July 29th, 2013
06:30 PM ET
By Kyle Almond, CNN
(CNN) - Perhaps it's fitting that the pope's first news conference was held onboard an airplane. Since Monday morning his comments have soared around the globe at high speed.
His remarks on homosexuality filled many Catholics with hope, especially those longing for the church to accept gays and lesbians more openly.
But they also discouraged others, including those who believe the Catholic Church should ordain women.
Some social media commenters said they were just plain confused.
The pope was flying back from a weeklong visit to Brazil, his first international trip as pontiff, when he talked to reporters about a wide range of controversial topics.
His comments on gays and lesbians garnered the most attention.
“If they accept the Lord and have goodwill, who am I to judge them?” said Francis. He added that the church’s problem isn’t homosexuality, but rather those who lobby against the interest of the church.
The pope’s remarks don’t signal a groundbreaking shift in church policy, but they do carry weight with those fighting for acceptance.
“I think it is a welcome change in tone from the really harsh and damaging rhetoric that LGBT Catholics and their families have gotten from the last two popes,” said Marianne Duddy-Burke, executive director of DignityUSA, which focuses on LGBT rights in the Catholic Church.
In 2005, during the papacy of Pope Benedict XVI, the Vatican issued directives that barred men from the priesthood "who are actively homosexual, have deep-seated homosexual tendencies, or support the so-called 'gay culture.' "
That policy has been unevenly applied in the years since, said John L. Allen Jr., CNN’s senior Vatican analyst, but it has had an effect on public perception.
“Many gays and lesbians would probably say they don’t always hear a message of respect and compassion from Catholic leaders,” Allen said. “Instead, what they often seem to hear is precisely judgment. At that level, Francis is setting a new tone, one of acceptance and welcome, without reversing any doctrinal positions.”
Duddy-Burke agreed that the pope's remarks didn't result in “any ground broken theologically.”
But, she said, they are “encouraging and welcome, and we hope that they would translate into the same kind of openness from other bishops here in this country and across the world.”
While the pope appeared to open one door Monday, he dismissed the possibility of ordaining women as priests.
“The church says no. That door is closed,” he said. In 1994, Pope John Paul II declared that the Catholic Church has no authority to ordain women.
Francis did say that women need to have a deeper role in the church, but his dismissal of women's ordination was “heartbreaking,” said Erin Saiz Hanna, executive director of the Women’s Ordination Conference.
“The church is not Pope John Paul II in 1994, nor is it Pope Francis today,” Hanna said. “It’s the people of the church that make up the church, and we know that the majority of Catholics support women’s ordination.”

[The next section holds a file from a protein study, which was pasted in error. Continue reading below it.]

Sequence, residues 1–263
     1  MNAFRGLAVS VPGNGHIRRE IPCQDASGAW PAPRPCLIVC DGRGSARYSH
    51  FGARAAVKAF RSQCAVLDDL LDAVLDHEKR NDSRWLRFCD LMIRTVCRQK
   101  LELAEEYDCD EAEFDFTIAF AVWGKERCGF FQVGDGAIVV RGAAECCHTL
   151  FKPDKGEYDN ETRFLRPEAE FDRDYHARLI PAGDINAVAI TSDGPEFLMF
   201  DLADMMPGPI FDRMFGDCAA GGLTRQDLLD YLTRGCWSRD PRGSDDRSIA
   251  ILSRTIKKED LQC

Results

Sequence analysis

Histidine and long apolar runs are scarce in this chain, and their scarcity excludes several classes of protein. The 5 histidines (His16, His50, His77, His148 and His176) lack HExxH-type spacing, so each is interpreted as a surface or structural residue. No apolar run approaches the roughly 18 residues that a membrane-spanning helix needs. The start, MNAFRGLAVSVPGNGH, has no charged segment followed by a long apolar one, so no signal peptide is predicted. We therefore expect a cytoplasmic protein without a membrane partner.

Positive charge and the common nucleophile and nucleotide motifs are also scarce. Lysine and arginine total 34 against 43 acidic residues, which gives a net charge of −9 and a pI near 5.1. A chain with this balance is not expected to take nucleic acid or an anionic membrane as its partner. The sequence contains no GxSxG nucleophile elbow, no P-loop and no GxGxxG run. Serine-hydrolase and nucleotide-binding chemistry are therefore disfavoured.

Hanna said her group had much hope for Francis.
“We were there in Rome when he was announced, and there was a sense of relief,” she said. “We believed that he would take the church in a new direction, and up until this point he had been doing some things to show that - washing the feet of women on Holy Thursday - that broke all sorts of rules and had never been done before. …
“But in this one quick interview on an airplane, he completely destroyed hope for women.”
Some on social media were also confused by the pope’s stance.
Twitter user @jobeans said: “Pope's ok with gay priests; not women. But hey, its only the 21st Century, right? #pope”
Dawn Perretti Joblon @DMJ8321 tweeted: “See new pope is open 2 gay priest but not women. Why does that not shock me. The Catholic church's continued bias towards women is pathetic”
Still, the majority of tweets and Facebook posts Monday focused on the pope’s remarks about homosexuality and not judging gays.
On a CNN Facebook chat, N Marlene Fleming praised the pope: “Thank God for this brilliant and humble man! A voice of reason, at last.”
Not everyone agreed.
"The pope is cool with gays and atheists now. Boy is he gonna be surprised when he reads the Bible," said @HDBtweets.
Others agreed with the pope's sentiment while still calling homosexuality a sin.
"We should hate the sin, the tendencies and love the sinner period - that was what the Pope meant," Ud Udodi Kachi said on Facebook. "Not marginalizing sinners, we all have all sinned."
Bill Donohue, the president of the Catholic League for Religious and Civil Rights, said all the reaction has been overblown, especially by the mainstream media.
“The pope speaks about materialism for one straight week in Brazil before millions of people, and his formal comments garner 74 news stories on Lexis-Nexis,” Donohue said.
“He speaks off-the-cuff about homosexual priests before a handful of reporters on the airplane going back to Rome and his remarks trigger 220 news stories.”
What do you think about the pope’s remarks? Are they a big deal to you? Do you agree with them? Let us know in the comments below.
About this blog
The CNN Belief Blog covers the faith angles of the day's biggest stories, from breaking news to politics to entertainment, fostering a global conversation about the role of religion and belief in readers' lives. It's edited by CNN's Daniel Burke with contributions from Eric Marrapodi and CNN's worldwide news gathering team.